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AB0873 Comprehensive Medical and Psychosocial Care To Reduce The Burden of Chronic Rheumatic Diseases in Children: Two-Year Experience of The French Network Resrip
  1. L. Rossi-Semerano1,
  2. P. Dusser2,
  3. C. Hascoët3,
  4. I. Koné-Paut4
  1. 1Paediatric Rheumatology, National Reference Centre for Auto-inflammatory Diseases
  2. 2Paediatric Rheumatology
  3. 3RESRIP (Réseau Rhumatismes Inflammatoires Pédiatriques), Bicêtre Hospital
  4. 4Paediatric Rheumatology, National Reference Centre for Auto-inflammatory Diseases, Bicêtre Hospital, University Paris Sud, le Kremlin Bicêtre, France

Abstract

Background Chronic rheumatic diseases (CRD) in children are associated with significant morbidity and disability, poor quality of life and impact on families. In the region of Paris (France), CRD affect around 2000 children. Management of CRD involves different physicians and health professionals, in a multidisciplinary approach that is particularly valuable in paediatric patients. The RESRIP (Réseau pour les Rhumatismes Inflammatoires Pédiatriques) network has been created to improve coordination between health professionals and personalize patient care for paediatric patients affected by CRD

Objectives To describe demographics, socioeconomic features and diseases characteristics of patients enrolled in the RESRIP network in a 2-year period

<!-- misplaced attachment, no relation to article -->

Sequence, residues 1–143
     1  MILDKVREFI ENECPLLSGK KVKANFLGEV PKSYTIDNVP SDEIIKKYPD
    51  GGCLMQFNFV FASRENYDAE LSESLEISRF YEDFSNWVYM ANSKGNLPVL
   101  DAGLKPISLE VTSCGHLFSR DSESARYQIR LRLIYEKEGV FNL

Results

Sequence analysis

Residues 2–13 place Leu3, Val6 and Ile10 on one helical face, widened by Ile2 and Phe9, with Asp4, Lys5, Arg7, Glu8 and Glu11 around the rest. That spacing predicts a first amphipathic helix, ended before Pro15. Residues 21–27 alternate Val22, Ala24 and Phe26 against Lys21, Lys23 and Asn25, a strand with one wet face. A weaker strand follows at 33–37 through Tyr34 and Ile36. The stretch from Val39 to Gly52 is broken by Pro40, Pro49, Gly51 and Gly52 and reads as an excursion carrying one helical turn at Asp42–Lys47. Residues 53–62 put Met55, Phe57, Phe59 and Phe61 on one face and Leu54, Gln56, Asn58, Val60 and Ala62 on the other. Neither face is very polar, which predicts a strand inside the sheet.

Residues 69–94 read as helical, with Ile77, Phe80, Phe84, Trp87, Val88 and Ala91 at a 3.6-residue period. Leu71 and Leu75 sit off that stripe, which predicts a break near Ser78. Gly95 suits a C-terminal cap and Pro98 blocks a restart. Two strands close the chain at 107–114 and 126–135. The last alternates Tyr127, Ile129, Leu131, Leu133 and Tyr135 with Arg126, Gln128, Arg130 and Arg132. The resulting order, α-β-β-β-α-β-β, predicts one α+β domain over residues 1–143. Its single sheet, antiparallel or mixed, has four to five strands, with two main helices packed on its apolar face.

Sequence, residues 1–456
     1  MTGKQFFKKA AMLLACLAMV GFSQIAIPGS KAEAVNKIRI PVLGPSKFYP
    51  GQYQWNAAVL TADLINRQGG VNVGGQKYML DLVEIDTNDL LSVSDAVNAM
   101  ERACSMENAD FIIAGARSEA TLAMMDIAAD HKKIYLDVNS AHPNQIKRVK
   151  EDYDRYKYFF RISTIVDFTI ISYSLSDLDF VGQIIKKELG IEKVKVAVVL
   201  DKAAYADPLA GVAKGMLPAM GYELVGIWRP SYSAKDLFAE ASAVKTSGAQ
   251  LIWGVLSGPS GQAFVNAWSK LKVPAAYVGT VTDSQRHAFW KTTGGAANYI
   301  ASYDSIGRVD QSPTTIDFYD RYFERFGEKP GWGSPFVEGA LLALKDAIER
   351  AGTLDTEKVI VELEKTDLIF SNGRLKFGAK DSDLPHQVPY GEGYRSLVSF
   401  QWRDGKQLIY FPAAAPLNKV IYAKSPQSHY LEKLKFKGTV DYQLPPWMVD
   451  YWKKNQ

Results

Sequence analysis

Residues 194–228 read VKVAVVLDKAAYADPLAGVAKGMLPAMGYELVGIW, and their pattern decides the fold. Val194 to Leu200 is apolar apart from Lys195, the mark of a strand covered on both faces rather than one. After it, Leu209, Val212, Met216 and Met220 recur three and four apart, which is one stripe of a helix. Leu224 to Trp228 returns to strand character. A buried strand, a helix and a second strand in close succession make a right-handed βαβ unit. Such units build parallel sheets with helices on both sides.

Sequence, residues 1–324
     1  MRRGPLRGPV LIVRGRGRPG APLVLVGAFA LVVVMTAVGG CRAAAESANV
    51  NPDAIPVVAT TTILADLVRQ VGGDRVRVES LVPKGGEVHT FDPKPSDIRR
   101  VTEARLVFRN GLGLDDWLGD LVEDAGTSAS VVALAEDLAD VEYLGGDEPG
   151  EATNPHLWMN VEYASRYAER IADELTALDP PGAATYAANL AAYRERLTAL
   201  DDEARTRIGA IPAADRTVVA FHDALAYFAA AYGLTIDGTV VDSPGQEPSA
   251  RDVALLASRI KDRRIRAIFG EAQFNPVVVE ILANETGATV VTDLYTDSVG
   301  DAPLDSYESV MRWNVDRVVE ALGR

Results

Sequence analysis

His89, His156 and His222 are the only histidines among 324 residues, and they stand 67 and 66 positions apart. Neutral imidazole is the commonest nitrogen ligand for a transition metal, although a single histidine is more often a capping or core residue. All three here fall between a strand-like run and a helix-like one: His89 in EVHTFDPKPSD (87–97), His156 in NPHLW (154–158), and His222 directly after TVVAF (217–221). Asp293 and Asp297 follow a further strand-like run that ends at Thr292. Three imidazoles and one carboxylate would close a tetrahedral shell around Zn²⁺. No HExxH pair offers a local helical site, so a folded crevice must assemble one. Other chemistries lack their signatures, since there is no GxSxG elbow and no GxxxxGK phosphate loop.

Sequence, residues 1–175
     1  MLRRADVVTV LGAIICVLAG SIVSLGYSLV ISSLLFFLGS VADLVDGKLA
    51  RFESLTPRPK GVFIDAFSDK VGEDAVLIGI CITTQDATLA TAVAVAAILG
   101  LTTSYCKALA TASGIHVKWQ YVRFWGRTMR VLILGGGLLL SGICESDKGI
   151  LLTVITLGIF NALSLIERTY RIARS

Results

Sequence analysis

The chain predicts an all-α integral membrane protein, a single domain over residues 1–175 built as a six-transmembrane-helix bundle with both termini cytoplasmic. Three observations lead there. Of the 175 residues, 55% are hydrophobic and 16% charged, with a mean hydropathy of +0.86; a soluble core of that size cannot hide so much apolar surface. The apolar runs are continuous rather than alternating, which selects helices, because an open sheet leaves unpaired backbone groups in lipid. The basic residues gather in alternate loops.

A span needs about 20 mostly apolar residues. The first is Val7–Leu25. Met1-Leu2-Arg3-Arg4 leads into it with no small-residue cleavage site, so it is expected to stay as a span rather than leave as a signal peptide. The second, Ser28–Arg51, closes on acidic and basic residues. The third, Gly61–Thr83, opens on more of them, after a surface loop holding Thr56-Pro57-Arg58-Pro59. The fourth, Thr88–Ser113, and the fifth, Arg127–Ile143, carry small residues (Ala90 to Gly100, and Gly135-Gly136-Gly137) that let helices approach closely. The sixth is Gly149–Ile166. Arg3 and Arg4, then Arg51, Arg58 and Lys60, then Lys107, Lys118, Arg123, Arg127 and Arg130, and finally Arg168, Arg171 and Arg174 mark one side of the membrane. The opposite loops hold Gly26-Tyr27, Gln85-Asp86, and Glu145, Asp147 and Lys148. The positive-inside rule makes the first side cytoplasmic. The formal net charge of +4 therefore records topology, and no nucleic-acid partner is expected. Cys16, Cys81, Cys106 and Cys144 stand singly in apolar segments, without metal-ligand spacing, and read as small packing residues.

Methods Retrospective study involving patients included in the network (September 2013-December 2015). Inclusion criteria were ≥2 of the following: disease severity (defined as a disease impacting on ≥1 of the following: physical/psychological status, school attendance, growth/development; complexity of treatment); association of ≥2 diseases; necessity of ≥3 different health professionals; socioeconomic frailty; demand of support expressed by the patient/parents; transition to adult health care; patient followed in a peripheral hospital

Results 147 patients (103F, 44M, median age at disease onset 4.2 y (0.42–15.2) were included. Median time to diagnosis was 4 months (0–134). Median disease duration at enrolment in the network was 14 months (1–172). Main diseases were: juvenile idiopathic arthritis (JIA) (49.7%) (polyarticular 38%, oligoarticular 29%, enthesitis-related arthritis 18%, psoriatic arthritis 11%, systemic arthritis 4%); connective tissue diseases (CTDs) (19%) (overlap-syndrome: 43%, systemic lupus erythematosus: 32%, dermatomyositis 21%, systemic sclerosis 4%) and auto-inflammatory diseases (AIDs) (14.3%) (FMF 52%, Mevalonate Kinase deficiency 4.8%, PFAPA 4.8%, CRMO 28%, other 9.5%). Inclusion criteria were: disease severity (82%), necessity of ≥3 different health professionals (80%), demand of support expressed by the patient or the parents (28%), socioeconomic frailty (24%), association of ≥2 diseases (20%), patient followed in a peripheral hospital (8%), transition to adult healthcare (7%). Inclusion criteria differed according to the disease: for JIA, it was the necessity of several health professionals (96%), mostly physiotherapists and nurses, while disease severity was the main criterion for CTDs (100%) and for AIDs (72%). For AIDs, the demand of support by patient/parents was a frequent reason for enrolment (53%)

Conclusions RESRIP enrolled mostly patients with JIA, CTDs and AIDs. Disease severity and the necessity of multiple health professionals were the main identified reasons to be followed in the network. These data confirm that CRD patients and their families are in need of support for everyday care. Health networks can provide help by improving care coordination and treatment adherence

Disclosure of Interest None declared

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